bottom-up/top-down

The Slippery Slide

Senior Member
Britain
Hello friends

I'm editing the teacher's manual for an English study textbook. The writer (who is not available for questioning) has filled it with non-sequiturs and complex sentences that he thinks look impressive, rather than simple, meaningful, understandable English.

I'm struggling to understand the following:

"Target - To Improve Listening Skills. Encourage students to apply not only bottom-up processing skills but top-down processing skills to arrive at comprehension."

I'll probably cut it, because I have a feeling he's just put it in to show off, but I should probably understand what it means first. Any wisdom would be hugely appreciated!
 
  • bibliolept

    Senior Member
    AE, Español
    Bottom-up processing is similar to inductive reasoning/logic (you start with individual observations, with the details). Top-down processing parallels deductive reasoning, a process that begins with general principles that are then applied to individual elements.

    If memory serves, these terms can also apply to the information processing in an organization. I don't think that applies here, though.
     

    Cagey

    post mod (English Only / Latin)
    English - US
    I found this web page that discusses these very terms in relation to ESL teaching.

    I am pleased that bibliolept has provided the underlying concepts. I wouldn't have been able to do that on the basis of their descriptions.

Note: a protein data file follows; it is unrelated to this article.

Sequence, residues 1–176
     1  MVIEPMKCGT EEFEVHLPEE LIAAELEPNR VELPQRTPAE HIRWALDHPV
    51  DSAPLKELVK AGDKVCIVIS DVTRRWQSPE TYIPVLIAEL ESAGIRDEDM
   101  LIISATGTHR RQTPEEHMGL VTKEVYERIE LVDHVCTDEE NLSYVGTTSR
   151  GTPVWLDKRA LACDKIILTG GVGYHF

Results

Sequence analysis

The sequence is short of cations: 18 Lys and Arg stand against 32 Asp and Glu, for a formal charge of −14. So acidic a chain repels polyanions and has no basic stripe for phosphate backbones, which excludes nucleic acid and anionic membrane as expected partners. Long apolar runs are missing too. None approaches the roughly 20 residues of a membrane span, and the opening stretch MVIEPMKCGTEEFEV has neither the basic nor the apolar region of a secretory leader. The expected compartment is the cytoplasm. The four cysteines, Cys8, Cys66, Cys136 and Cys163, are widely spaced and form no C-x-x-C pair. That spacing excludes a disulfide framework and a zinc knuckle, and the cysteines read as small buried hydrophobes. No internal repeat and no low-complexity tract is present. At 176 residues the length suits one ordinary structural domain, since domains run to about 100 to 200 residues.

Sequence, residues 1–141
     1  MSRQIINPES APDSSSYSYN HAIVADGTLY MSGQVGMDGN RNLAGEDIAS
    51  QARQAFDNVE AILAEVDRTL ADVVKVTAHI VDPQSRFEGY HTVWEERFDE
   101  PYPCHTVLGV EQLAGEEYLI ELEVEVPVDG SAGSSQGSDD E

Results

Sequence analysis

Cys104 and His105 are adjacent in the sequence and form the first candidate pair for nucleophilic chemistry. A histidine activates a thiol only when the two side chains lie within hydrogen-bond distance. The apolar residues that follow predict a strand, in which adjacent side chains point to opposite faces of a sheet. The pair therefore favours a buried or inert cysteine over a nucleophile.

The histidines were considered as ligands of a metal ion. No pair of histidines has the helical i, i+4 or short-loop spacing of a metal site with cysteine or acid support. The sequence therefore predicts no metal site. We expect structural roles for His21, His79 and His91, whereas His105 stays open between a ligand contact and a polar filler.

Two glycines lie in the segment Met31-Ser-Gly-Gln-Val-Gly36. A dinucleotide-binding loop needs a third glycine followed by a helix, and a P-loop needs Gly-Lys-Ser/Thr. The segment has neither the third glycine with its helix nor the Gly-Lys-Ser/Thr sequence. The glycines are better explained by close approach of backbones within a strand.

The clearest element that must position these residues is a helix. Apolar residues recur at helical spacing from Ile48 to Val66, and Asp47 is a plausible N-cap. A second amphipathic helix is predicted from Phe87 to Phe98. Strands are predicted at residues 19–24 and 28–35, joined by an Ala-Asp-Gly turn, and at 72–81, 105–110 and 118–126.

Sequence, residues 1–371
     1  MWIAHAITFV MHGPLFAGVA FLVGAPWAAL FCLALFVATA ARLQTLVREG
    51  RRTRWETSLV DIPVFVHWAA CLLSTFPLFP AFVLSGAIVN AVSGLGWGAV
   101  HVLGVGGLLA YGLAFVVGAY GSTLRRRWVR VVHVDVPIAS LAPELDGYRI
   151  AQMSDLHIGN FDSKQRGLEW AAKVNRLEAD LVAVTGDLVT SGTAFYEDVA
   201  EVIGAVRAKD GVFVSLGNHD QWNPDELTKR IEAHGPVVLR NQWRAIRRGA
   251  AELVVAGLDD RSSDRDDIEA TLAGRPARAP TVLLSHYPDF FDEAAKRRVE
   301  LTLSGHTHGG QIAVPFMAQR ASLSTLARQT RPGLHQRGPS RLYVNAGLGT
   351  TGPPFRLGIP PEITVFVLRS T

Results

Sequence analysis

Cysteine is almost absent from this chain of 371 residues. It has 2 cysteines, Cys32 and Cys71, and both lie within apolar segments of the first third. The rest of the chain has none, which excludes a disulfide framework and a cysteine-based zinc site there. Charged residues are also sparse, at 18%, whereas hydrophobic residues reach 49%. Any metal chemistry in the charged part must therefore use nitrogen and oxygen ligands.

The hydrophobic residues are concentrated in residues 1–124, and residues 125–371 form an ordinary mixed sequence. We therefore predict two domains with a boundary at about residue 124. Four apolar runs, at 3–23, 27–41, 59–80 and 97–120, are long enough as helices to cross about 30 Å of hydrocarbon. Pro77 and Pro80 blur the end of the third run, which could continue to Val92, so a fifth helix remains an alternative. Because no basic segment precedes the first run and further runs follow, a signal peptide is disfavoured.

The Slippery Slide

    Senior Member
    Britain
    Thanks, bibliolept.

    I understand. I'm sure it's a sound concept in advanced information processing, but I don't think it's the clearest instruction for inexperienced young teachers who just need advice on how to get Japanese kids to understand "The pen is on the table".
     

    The Slippery Slide

    Senior Member
    Britain
    Yeah. They're just very out-of-keeping with the rest of the text. In context, the sentence seems to have been crowbarred in to fill up space. I understand the concept of bottom-up and top-down now, but can't see what actual activity it's suggesting that the teachers do. Mm. Anyway, thanks again, and thank you Cagey, for the link.
     

    Teafrog

    Senior Member
    UK English (& rusty French…)
    I found this web page

    I am pleased that bibliolept has provided the underlying concepts. I wouldn't have been able to do that on the basis of their descriptions.
    Great link (I have copied the text to show someone else). Thanks a bunch Cagey
    … I don't think it's the clearest instruction for inexperienced young teachers who just need advice on how to get Japanese kids to understand "The pen is on the table".
    :tick: I fully agree. That was my feeling as soon as I saw your first post. The guy seems to be a real prat - read "pompous idiot" - (arsehole wouldn't be far off :D). Students, especially foreign ones, need clear and easily 'digestible' guidance and instructions :rolleyes:
     

    The Slippery Slide

    Senior Member
    Britain
    Just to provide a conclusion to this thread, here's what I ended up substituting for the bottoms-up thing. I decided to use words like "listen" and "understand" instead of "processing":

    "Make sure students grasp the wider context of a listening activity before it starts. Look closely at pictures and questions with students before they hear the tape. Encourage them to listen for the gist of a conversation even if they don't understand all the details."
     

    Teafrog

    Senior Member
    UK English (& rusty French…)
    …"Make sure students grasp the wider context of a listening activity before it starts. Look closely at pictures and questions with students before they hear the tape. Encourage them to listen for the gist of a conversation even if they don't understand all the details."
    :thumbsup: brilliant :tick:
     
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